Originally Posted by J. Strnad
With my book, none of the other retailers did squat to market my book, and none offered Amazon's ease of searching and purchasing. As a result, Amazon last month accounted for 99.4% of my sales which is pretty much how it's gone for the past two years. Like it or not, I was "exclusive" with Amazon even before KDP Select came along!
Jan, my husband has also sold very
few ebooks at Barnes & Noble. It's almost impossible to even find
books in his genre using their category search. I'd love to know how anyone discovers golf fiction there! Amazon's search engine is much
easier to use.
And it's frustrating that indie authors can't directly upload their ePubs to places like Kobo and Sony. They have to go through Smashwords, which is less than ideal in my opinion. I carefully handcrafted the ePub that my husband submitted directly to B&N, and I don't trust that the MS Word file wouldn't be mangled by the meatgrinder at Smashwords. If Smashwords allowed us to upload our own ePub, I'd distribute through them in a heartbeat in order to get the book into all outlets!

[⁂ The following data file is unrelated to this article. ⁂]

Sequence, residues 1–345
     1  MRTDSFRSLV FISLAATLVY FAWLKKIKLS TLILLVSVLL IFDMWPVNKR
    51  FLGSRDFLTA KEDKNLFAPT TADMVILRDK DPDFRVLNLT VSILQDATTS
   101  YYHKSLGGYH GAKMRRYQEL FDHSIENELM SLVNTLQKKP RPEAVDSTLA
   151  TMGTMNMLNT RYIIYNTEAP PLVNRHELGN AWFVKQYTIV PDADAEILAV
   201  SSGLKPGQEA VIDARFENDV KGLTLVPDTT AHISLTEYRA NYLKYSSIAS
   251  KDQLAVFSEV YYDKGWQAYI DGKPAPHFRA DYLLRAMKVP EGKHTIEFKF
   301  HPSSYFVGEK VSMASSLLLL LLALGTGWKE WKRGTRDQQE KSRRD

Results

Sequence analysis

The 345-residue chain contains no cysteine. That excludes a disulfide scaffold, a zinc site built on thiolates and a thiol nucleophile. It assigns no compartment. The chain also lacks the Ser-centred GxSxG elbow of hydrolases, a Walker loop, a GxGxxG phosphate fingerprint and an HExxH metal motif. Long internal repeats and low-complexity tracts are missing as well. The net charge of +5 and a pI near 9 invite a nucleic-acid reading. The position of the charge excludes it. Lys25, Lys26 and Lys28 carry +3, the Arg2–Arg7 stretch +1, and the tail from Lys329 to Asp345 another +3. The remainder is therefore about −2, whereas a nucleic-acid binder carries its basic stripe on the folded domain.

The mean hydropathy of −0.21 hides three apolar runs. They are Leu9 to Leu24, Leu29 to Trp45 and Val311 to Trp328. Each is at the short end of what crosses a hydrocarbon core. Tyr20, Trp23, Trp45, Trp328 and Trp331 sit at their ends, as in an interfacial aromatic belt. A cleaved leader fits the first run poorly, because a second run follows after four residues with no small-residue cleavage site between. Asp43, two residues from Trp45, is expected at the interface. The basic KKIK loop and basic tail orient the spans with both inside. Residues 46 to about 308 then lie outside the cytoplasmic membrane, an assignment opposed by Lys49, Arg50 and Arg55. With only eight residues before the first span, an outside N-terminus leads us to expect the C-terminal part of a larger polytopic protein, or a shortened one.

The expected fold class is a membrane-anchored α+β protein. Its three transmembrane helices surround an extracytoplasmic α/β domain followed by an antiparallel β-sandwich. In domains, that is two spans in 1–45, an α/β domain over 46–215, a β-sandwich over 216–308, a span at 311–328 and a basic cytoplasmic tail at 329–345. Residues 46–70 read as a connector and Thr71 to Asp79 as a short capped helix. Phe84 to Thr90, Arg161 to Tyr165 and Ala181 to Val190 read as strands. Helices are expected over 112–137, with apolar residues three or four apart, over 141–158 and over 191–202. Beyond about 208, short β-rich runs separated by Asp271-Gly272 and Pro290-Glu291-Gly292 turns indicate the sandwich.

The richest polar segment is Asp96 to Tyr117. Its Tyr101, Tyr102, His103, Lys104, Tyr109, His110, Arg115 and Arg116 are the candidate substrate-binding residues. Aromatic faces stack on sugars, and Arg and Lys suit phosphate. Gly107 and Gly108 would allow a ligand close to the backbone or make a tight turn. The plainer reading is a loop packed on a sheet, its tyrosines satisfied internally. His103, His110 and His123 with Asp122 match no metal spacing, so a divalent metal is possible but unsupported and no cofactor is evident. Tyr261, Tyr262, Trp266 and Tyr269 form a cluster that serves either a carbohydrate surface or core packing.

Of the major retailers (excepting Smashwords, where I haven't sold a book in about a year), only Amazon lets me distribute Risen DRM-free!
My husband's book is DRM-free at both Amazon and Barnes & Noble. You can sell your ePub DRM-free at Barnes & Noble if you upload the book directly to them using PubIt. They give you that choice when you publish there, same as Amazon's KDP.
My husband has chosen not to participate in KDP Select at this time, but we are very interested in knowing how this works out for indie authors whose books weren't already Amazon top sellers. If the program is successful for most, then I think we will see even more authors go Amazon exclusive. So, ePub readers—you might want to get your ePubs while you can!